Illegal activities a threat to the Caribbean region

Jamaica’s National Security Minister, Dr. Horace Chang.
Jamaica Information Service

At a Committee Meeting held by members of CARICOM Council of National Security and Law Enforcement (CONSLE) on Thursday, May 26, via video conferencing, Chairman of the Council, Jamaica’s National Security Minister, Dr. Horace Chang revealed the serious problems the Caribbean is confronted with regarding illicit and illegal activities. In making this address to the region’s National Security officials, Minister Chang said that the trafficking of firearms requires attention from security officials from within the Caribbean Community because this is a significant challenge.

The national security minister stated that approximately 23% of all recorded homicides takes place in the Caribbean, “This is an average of 15.1 per 100,000 people, which is nearly three times the world average,” he told the security officials. In further explaining the problems to the hemispheric security officials, Dr. Chang said, “proliferation and increased access to illegal firearms account to the high level of armed violence and insecurity within the region.” He further explained that “the firearm is the weapon of choice for committing homicides and other acts of crimes and violence. In this regard, I have to underscore the need for greater collaboration and partnerships to combat the scrouge of illicit trafficking of firearms,” Chang declared.

In continuing, Dr. Chang expressed some hope and mentioned that steps are being taken by an organization called, The Implementation Agency for Crime and Security. He said they are working to strengthen the capacity of member states in the region to successfully detect and prevent the firearms from entering the shores.  The CONSLE chairman asked officials that there be a commitment to regional mechanisms that support firearm ballistics gathering and information sharing.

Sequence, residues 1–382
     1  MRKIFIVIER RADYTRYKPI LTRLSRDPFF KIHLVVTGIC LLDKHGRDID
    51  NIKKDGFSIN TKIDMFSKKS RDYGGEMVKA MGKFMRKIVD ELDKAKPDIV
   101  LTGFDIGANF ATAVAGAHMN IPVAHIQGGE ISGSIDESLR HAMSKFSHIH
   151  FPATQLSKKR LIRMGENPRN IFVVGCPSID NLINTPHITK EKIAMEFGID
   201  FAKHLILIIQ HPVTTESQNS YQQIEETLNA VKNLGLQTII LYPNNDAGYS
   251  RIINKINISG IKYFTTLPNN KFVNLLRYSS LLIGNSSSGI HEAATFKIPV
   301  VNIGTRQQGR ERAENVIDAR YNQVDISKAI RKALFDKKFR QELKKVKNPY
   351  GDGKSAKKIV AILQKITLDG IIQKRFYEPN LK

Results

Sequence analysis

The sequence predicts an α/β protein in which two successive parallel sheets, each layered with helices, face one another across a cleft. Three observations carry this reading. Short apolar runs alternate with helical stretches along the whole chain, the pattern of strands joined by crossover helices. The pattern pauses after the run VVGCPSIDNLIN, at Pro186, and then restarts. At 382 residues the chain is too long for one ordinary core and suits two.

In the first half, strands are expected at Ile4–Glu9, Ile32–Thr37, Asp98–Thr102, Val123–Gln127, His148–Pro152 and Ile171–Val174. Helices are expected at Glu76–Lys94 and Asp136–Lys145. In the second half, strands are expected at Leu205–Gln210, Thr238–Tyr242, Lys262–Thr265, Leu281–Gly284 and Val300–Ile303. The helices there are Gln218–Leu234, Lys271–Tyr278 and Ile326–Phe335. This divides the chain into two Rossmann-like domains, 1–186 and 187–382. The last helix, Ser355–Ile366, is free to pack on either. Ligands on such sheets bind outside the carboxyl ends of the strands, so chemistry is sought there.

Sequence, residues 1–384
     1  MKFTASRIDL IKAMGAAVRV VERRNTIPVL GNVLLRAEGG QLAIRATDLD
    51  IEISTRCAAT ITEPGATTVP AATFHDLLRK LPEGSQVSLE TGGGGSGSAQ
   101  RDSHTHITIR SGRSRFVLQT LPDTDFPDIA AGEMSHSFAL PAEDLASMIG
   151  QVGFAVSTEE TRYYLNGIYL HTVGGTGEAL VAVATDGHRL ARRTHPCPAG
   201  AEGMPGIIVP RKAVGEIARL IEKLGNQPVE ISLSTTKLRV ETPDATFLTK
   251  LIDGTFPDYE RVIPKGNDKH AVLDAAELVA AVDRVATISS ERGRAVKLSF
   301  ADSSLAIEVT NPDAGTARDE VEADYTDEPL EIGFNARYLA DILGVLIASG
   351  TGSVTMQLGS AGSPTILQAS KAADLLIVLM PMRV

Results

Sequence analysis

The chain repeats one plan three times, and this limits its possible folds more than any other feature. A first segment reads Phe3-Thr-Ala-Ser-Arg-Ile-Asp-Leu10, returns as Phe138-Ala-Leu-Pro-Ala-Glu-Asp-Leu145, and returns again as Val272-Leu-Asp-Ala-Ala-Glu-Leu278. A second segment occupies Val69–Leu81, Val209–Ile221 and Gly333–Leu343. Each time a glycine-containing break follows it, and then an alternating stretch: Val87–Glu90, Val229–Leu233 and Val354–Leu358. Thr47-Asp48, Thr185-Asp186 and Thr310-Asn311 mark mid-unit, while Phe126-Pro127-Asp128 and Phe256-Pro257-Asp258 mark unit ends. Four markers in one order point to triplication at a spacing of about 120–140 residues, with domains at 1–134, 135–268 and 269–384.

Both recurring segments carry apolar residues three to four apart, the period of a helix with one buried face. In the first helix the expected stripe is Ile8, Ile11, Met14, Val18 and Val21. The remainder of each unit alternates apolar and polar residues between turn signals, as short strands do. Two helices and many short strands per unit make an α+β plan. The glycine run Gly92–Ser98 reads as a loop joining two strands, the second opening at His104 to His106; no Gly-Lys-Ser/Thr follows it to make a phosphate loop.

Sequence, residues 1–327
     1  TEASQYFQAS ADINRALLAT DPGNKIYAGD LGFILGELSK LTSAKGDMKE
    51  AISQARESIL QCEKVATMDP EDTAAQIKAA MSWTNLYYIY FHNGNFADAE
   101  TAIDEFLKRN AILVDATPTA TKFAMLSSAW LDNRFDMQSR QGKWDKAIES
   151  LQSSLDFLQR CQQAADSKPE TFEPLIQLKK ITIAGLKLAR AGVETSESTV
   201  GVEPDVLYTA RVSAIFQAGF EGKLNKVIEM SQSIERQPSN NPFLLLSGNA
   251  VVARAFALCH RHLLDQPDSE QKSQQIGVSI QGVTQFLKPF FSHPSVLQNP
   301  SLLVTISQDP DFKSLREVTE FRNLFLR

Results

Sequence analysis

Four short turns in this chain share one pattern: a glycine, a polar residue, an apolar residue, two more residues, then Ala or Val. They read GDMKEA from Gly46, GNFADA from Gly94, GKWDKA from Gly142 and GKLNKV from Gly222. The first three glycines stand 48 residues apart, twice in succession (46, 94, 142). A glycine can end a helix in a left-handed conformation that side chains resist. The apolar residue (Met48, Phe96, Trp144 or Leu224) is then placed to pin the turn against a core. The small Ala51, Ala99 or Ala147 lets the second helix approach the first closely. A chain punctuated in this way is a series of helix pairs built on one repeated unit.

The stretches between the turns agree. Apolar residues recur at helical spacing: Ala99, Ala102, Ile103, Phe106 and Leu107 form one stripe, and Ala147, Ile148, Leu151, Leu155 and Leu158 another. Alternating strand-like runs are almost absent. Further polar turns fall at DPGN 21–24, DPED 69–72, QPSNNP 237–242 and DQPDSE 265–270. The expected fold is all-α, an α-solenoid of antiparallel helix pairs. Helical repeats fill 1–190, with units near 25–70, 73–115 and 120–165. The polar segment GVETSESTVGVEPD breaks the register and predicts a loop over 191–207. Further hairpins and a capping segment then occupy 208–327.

In discussing the problems CARICOM faces regarding drug trafficking, Dr. Chang pointed out that the illicit trafficking in drugs throughout the region operates in conjunction with mechanisms supporting the legal trade.

Calling for a re-engagement of the strategic partners in the region, the CONSLE chairman said, opportunities must be identified for this re-engagement to strengthen the existing maritime framework and build on the work of CARICOM IMPACS, which provides maritime data on high-risk vessels on a daily basis. This, he said is to “enhance maritime security especially with countries in CARICOM having landmasses one-tenth of their Exclusive Economic Zone. This is of paramount importance,” the security minister stated. Dr. Horace Chang advised that all forms of trafficking be comprehensively addressed whether it was trafficking in persons, migrants smuggling and illegal migrations. “It is imperative for countries within the region to continue to protect victims, prevent the occurrence through raising awareness and prosecute and convict perpetrators of these crimes,” Minister Chang declared.

Chang acknowledged the significance of cybercrime on the community and noted the emerging level of the crime. Cybercrime, he said, has evolved and is growing in the context of COVID-19 pandemic, “through online fraud, extortion and online child sexual abuse targeting vulnerable individuals, as well as through ransomware that primarily compromises systems including hospitals. Minister Chang explained to the audience, that organized crime groups have also taken advantage of remote working and tele-business resulting from the pandemic. This is enforced primarily through phishing scams that enable malicious access to critical information.

The National Security Ministers Hemispheric Security Meeting was held in support by Jamaica’s Permanent Representative to the Organization of American States (OAS) and Jamaica’s Ambassador to the United States, Audrey Marks.


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